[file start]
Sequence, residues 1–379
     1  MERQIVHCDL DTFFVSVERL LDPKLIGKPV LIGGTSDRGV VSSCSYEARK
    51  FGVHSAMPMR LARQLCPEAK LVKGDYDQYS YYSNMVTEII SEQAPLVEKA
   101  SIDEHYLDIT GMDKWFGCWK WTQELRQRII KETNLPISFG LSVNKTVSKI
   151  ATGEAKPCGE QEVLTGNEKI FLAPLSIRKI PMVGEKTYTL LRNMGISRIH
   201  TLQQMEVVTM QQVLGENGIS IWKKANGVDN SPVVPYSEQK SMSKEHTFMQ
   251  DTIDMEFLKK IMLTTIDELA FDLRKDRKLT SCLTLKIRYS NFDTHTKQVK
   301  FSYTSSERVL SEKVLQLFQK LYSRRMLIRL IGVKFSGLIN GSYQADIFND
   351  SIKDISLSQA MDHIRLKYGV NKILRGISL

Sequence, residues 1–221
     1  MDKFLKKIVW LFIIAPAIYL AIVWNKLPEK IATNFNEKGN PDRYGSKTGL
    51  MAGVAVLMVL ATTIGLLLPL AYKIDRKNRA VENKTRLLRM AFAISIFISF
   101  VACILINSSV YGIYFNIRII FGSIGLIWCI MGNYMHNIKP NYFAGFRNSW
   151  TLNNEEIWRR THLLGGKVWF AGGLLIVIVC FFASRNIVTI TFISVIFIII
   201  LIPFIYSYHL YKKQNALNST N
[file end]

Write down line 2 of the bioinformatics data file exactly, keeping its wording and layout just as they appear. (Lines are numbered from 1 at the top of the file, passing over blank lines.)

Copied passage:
     1  MERQIVHCDL DTFFVSVERL LDPKLIGKPV LIGGTSDRGV VSSCSYEARK